Essential SEO Guide for SaaS Companies
It’s not just about keywords anymore. Here’s your step-by-step guide to comprehensive, effective SEO for the highly competitive SaaS industry.
The Essential SEO Guide for SaaS Companies
You’ve heard the cliché — “if you fail to plan, you plan to fail.” When people talk about SEO, they tend to talk about the great outcomes it can offer: improved rankings, increased traffic, more links pointed to the website and — hopefully, if you execute well — more leads and more sales.
That’s the exciting stuff. That’s a potentially enormous ROI.
But what about the plan to get you there? If you want to achieve the kind of SEO-driven success that makes your competition jealous and your bottom line explode, it won’t happen by accident.
And how do the nuances of the software as a service (SaaS) industry affect your approach to SEO? You’ve got questions, we’ve got answers — here’s your guide to SEO for SaaS.
You Need a SaaS SEO Strategy
Some would have you believe creating an SEO strategy is as simple as choosing a few keywords, giving your website a quick once-over for any major issues and then hitting the ground running. And 10 years ago, they might’ve been right.
But today, SEO is much more complicated. And when you consider the competitive world of SaaS (a field that’s 46 times as large as it was a decade ago!), it’s even more so.
Developing a solid, modern SEO strategy means employing a thoughtful, multifaceted approach that covers everything from the tech-heavy aspects of your website’s infrastructure to creative, targeted approaches to content marketing.
You need an SEO strategy that not only outlines your basic plan of attack, but lays out the goals you’re trying to achieve, profiles the audience you’re trying to reach and digs into the competitive landscape in which you’re trying to win; and there’s a lot more to it than even that.
That might all feel a bit abstract and overwhelming — but it needn’t be. Working with dozens of our SaaS clients over the years, we’ve developed and refined a comprehensive approach to constructing SEO strategies that consider every major component in a way that’s easy to follow and execute.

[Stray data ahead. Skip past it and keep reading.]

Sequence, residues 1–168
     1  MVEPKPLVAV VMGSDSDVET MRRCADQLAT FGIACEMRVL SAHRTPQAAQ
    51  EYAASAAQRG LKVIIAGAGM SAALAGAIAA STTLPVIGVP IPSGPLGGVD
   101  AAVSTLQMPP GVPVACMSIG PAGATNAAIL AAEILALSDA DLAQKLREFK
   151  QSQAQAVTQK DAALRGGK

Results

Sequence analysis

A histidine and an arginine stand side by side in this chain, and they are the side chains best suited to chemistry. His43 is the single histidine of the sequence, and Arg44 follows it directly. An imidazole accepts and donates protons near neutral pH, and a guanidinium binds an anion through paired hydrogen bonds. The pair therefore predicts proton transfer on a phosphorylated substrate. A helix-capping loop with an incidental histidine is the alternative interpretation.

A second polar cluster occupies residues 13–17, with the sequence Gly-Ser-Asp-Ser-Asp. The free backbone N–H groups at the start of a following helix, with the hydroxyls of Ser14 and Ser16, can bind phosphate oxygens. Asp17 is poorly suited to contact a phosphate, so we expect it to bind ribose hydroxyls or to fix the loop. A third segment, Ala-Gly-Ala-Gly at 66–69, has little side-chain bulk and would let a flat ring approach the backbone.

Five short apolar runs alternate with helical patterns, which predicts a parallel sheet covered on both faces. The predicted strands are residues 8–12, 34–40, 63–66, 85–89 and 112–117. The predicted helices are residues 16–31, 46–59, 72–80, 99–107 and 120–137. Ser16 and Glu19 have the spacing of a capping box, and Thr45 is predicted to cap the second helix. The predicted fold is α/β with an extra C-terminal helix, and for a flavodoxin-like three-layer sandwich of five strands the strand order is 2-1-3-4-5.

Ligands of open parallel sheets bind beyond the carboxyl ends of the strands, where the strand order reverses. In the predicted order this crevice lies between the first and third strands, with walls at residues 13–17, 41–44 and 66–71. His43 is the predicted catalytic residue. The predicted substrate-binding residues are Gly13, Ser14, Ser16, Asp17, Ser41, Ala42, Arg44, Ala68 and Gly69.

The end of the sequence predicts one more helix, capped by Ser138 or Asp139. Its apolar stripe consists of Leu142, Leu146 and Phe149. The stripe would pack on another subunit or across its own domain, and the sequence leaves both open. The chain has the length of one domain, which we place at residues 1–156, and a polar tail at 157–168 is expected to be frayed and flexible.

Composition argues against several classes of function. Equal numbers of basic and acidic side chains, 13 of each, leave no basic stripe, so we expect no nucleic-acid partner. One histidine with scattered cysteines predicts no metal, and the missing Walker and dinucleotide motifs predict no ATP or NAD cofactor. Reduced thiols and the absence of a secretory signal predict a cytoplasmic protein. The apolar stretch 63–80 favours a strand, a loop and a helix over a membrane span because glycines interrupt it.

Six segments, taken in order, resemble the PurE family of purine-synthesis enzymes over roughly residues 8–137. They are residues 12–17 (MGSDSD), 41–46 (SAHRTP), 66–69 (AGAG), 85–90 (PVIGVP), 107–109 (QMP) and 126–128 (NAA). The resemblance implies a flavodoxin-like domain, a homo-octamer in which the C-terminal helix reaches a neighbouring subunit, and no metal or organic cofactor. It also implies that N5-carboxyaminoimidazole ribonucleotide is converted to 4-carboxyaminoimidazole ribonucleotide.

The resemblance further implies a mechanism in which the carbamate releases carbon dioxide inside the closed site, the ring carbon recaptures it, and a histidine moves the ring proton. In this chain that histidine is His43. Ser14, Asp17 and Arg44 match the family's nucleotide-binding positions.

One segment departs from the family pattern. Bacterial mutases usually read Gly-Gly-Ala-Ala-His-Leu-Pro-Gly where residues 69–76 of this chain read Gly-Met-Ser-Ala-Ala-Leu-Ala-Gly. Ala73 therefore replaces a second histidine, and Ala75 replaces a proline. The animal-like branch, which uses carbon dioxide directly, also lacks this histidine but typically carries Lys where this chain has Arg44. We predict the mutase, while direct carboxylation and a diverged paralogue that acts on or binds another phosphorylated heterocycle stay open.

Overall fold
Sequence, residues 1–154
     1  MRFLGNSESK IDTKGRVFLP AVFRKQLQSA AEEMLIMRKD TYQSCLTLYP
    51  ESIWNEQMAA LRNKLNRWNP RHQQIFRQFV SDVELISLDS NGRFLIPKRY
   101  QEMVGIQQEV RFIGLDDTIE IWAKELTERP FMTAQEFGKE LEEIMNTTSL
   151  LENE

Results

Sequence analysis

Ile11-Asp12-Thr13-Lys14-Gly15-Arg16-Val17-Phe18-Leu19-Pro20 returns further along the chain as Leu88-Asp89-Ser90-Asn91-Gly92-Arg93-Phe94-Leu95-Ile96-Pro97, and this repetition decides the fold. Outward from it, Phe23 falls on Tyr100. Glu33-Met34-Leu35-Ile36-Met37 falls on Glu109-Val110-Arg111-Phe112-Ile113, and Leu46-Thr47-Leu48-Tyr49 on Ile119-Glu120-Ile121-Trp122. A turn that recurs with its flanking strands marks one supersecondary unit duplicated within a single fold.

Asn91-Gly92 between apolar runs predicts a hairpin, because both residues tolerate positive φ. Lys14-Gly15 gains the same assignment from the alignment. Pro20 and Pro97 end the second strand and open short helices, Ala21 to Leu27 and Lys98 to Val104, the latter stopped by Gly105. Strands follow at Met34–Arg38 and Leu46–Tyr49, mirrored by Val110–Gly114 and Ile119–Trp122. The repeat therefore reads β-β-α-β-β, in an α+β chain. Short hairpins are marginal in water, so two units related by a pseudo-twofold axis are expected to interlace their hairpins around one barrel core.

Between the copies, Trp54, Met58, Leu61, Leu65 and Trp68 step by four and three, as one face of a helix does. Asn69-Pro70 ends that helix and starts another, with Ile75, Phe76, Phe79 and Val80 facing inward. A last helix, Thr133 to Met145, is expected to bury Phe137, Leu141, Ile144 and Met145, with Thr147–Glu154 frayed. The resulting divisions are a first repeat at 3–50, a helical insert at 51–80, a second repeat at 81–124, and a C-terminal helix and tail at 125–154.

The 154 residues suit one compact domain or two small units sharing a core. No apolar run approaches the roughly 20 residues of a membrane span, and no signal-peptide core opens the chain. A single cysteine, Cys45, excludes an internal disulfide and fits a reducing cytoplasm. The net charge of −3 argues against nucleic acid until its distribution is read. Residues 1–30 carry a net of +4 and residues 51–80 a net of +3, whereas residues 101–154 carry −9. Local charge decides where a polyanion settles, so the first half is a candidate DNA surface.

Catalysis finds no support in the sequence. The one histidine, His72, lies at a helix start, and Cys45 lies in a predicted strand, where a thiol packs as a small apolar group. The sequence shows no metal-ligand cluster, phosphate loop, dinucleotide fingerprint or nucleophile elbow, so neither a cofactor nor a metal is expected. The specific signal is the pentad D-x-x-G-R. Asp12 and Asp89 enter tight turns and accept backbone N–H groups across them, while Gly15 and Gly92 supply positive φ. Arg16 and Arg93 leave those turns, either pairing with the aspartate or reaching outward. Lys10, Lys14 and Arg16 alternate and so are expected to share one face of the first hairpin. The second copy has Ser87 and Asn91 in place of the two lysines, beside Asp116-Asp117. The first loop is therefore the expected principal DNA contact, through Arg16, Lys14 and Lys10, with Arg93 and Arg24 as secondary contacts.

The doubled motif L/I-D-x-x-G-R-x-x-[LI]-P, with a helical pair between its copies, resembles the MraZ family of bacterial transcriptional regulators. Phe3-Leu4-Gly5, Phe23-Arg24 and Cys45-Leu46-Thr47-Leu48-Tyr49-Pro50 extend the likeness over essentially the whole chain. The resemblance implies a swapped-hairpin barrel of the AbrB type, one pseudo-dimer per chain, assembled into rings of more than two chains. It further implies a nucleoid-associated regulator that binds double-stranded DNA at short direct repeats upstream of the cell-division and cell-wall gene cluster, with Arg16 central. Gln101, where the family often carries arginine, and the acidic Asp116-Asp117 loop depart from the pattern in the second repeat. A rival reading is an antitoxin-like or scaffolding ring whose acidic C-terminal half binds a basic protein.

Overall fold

It’s built on five pillars:
- Authority and Trust
So let’s take a deep-dive into each component. We’ll explain our approach, why it matters, the specific steps we consider along the way and how this affects the SaaS industry, specifically.
1. Building a SaaS SEO Strategy
Better information leads to better outcomes, so the first step in any successful SEO strategy is to gather the intel you’ll need to make informed decisions. Before you move forward, you need to get a clear understanding of:
- Your Goals and Objectives
What is it that you want to accomplish? How are you performing now, and what specific benchmarks would you like to achieve? In the crowded SaaS space, this is especially important. What do you want to do better than anyone else in the industry? And how will you measure success?
- Your Audience Segments
Who are you trying to reach? What are their pain points? What does their buyer’s journey look like? How do they measure success?
- Your Competitors
Who are you up against and how are they excelling? You need a clear picture of the competitive landscape so that you know what it’ll take to stand out. Whether your SaaS offering is targeting a specific industry (vertical) or meeting a specific need (horizontal), you’ll want to identify exactly who you’re playing against.
In order to determine all of these things, some of the tasks required at this stage include:
- Keyword Research
Choosing the best keywords means analyzing not only search volume, but also searcher intent, competition (difficulty) level and stage of the marketing funnel (if you have a buyer’s journey, mapping keywords to each stage can be a huge benefit).
- SEO Audit
An SEO audit takes stock of items like how well your website is built, whether there are any infrastructural issues impacting crawling or site speed, whether you’ve been hit with any penalties and how well you’re currently performing in search.
- Backlink Audit
Because links are an enormous factor in both how well you rank (it’s an authority thing, which we’ll get to in step five) and how liable you are to be hit with a penalty, it’s wise to do an assessment of how many links you have, where they’re coming from and what the anchor text says.
- Content and Conversion Audit